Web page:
By Wang Yue and Gretinah Machingura
HARARE, Aug. 22 (Xinhua) -- Zimbabwe's veteran President Robert Mugabe was sworn into office on Thursday for another five-year term against the backdrop of Western rejection of his election victory.
Mugabe, 89, was sworn in at a grand ceremony that was strikingly different from the hastily arranged and small ceremony of 2008.
No foreign heads of state attended his inauguration in 2008, but this year, several heads of state and government attended the ceremony, including Equatorial Guinea's Teodoro Obiang Nguema Mbasogo, Mauritius' Rajkeswur Purryag, Mozambique's Armando Guebuza, Tanzania's Jakaya Kikwete, Namibia's Hifikepunye Pohamba and the Democratic Republic of Congo's Joseph Kabila.
Mugabe's re-election in the July 31 vote has been widely endorsed by countries in Africa and beyond, while the West led by the U.S. and Britain has refused to accept his victory, alleging the elections were flawed.
Mugabe declared Thursday a national holiday to allow Zimbabweans to celebrate and attend the inauguration ceremony.
This time, he decided to take the oath in style by abandoning the traditional State House venue for an elaborate event at the 60, 000-seat national stadium in Harare.
The occasion was not only graced by some former African leaders, but foreign musicians as well who added flavor and glamour to the occasion.
Mugabe's inauguration this year came after 18 days of being announced winner, nine more days after the stipulated inauguration day.
The delay was due to a legal challenge by his main rival Morgan Tsvangirai, who alleged vote rigging by Mugabe and his party.
Tsvangirai boycotted Mugabe's swearing in ceremony Thursday.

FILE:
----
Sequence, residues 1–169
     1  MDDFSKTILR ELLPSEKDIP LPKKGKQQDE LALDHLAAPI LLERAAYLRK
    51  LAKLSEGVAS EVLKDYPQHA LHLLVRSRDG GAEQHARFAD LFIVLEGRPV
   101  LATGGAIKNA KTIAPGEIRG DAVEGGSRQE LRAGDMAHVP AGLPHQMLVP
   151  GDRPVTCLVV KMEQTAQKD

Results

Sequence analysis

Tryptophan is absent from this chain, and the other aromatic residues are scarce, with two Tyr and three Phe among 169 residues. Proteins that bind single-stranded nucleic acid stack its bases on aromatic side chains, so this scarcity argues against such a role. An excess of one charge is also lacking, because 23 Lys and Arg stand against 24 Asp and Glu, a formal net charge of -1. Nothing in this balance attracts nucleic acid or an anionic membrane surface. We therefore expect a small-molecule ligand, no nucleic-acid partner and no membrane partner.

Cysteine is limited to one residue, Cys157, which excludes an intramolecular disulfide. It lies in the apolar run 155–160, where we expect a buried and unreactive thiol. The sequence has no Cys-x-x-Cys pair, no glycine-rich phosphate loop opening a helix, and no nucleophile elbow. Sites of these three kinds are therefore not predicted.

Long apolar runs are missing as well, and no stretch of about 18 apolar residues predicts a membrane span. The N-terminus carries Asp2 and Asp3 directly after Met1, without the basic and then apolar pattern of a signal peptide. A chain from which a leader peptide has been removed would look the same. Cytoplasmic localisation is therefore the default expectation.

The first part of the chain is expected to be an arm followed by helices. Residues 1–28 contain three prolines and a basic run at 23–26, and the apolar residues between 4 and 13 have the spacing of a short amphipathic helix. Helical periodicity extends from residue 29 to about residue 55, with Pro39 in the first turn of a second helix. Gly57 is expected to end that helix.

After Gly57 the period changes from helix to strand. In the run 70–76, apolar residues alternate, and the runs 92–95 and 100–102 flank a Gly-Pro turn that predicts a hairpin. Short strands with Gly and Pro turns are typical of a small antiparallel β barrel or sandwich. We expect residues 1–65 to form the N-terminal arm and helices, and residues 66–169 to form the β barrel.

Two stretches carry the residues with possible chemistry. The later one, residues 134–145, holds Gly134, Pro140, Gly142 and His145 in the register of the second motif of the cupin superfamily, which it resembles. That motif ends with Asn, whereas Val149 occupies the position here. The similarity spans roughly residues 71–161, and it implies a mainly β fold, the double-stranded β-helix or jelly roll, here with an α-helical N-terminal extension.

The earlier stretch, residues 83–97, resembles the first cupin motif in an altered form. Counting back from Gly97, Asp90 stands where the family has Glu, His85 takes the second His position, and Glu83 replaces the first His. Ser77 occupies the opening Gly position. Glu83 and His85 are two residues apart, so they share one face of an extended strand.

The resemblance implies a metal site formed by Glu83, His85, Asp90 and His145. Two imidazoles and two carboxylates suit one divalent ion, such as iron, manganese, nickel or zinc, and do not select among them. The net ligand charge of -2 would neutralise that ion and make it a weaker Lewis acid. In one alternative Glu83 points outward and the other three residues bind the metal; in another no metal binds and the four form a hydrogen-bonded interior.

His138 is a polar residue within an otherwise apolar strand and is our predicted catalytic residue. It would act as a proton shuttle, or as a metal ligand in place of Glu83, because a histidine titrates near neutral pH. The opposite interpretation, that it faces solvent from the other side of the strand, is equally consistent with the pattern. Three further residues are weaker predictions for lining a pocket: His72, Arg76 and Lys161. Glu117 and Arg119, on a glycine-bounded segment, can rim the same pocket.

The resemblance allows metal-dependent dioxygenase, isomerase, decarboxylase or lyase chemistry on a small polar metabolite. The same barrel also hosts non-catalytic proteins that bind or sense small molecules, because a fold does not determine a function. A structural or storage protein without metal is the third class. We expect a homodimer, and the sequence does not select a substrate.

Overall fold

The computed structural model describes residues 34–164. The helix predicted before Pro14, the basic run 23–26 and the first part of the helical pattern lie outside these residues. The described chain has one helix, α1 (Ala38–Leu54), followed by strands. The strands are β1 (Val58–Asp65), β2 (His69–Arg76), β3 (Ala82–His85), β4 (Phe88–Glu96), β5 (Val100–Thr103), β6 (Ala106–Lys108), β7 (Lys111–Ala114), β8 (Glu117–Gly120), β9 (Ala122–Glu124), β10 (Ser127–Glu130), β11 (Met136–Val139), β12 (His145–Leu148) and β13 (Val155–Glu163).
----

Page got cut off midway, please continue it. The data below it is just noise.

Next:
With a new mandate to govern, several challenges surround Mugabe's new five-year term that include advanced age and associated health problems, a poor performing economy and strained relations with the West.
In a speech after the inauguration, Mugabe bemoaned that the Western sanctions will remain in place for much longer and thus will continue to curtail the full economic potential of the country.
He, however, said he would intensify mineral exploitation to propel economic growth and improve living standards of people.
He said he will continue with the indigenization and economic empowerment program to redistribute wealth to local people.
Under the program, foreign owned firms including mines and banks are required to cede 51 percent shareholding to locals.
Mugabe said the country's natural resources must come under total ownership of locals.
"Our natural resources have not yet fully come our way. The time has now come for us to extend our dominion to all these resources," he said.
While Mugabe has outlined how he plans to revive the economy battered by liquidity challenges, low investment levels and high unemployment, some believe the veteran ruler will find the task difficult to overcome.
Economic analyst Vince Musewe told Xinhua that Mugabe's biggest challenge will be to revitalize the sluggish economy in the absence of significant foreign capital inflows.
Zimbabweans have first to see who Mugabe appoints as ministers and if it is the old guard that has largely been useless, then the country cannot expect any change in governance, he said.
He said the country needs investment and jobs, indicating this would increase disposable incomes and revive industry and agriculture.
"We need to see infrastructure development, consistent energy supplies and access to basic needs improving," he said.
Musewe said getting the money to revamp the economy will be another Mugabe's challenge.
According to him, the veteran leader must first build confidence locally and then internationally.
"Failing that I expect no major changes and more of the same: an economy operating on survival mode, no liquidity and a subsistence attitude by all," he said.
Analysts also contend that another setback for Mugabe will be the continued imposition of Western sanctions on the country.
Mugabe said Thursday following peaceful and credible elections in the country, there was no justification for the continued imposition of the sanctions.
"What is the excuse for these sanctions? Whose interests are those sanctions meant to serve?" he said.
Mugabe has also continued to confound pessimists over his health, who at 89, continues to show rare strength and alertness.
A senior member of his party and outgoing justice minister Patrick Chinamasa recently said Mugabe was a lucky man health wise.
"God gave him good health and for a person at 89 years," Chinamasa said. "He is very clear. He is in good health for a man of his age."
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